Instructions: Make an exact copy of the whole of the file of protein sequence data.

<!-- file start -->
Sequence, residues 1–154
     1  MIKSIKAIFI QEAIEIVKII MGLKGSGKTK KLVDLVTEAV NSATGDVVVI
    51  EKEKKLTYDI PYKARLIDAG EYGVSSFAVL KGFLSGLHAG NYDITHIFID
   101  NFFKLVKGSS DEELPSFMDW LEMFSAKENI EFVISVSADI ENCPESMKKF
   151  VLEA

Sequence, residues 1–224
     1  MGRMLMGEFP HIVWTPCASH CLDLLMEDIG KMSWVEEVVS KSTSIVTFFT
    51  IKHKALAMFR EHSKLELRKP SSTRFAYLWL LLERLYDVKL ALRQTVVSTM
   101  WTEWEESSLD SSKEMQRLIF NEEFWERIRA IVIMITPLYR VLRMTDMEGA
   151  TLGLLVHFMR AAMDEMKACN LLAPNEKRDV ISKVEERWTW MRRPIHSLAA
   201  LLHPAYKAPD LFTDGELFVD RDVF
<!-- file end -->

Sequence, residues 1–154
     1  MIKSIKAIFI QEAIEIVKII MGLKGSGKTK KLVDLVTEAV NSATGDVVVI
    51  EKEKKLTYDI PYKARLIDAG EYGVSSFAVL KGFLSGLHAG NYDITHIFID
   101  NFFKLVKGSS DEELPSFMDW LEMFSAKENI EFVISVSADI ENCPESMKKF
   151  VLEA

Sequence, residues 1–224
     1  MGRMLMGEFP HIVWTPCASH CLDLLMEDIG KMSWVEEVVS KSTSIVTFFT
    51  IKHKALAMFR EHSKLELRKP SSTRFAYLWL LLERLYDVKL ALRQTVVSTM
   101  WTEWEESSLD SSKEMQRLIF NEEFWERIRA IVIMITPLYR VLRMTDMEGA
   151  TLGLLVHFMR AAMDEMKACN LLAPNEKRDV ISKVEERWTW MRRPIHSLAA
   201  LLHPAYKAPD LFTDGELFVD RDVF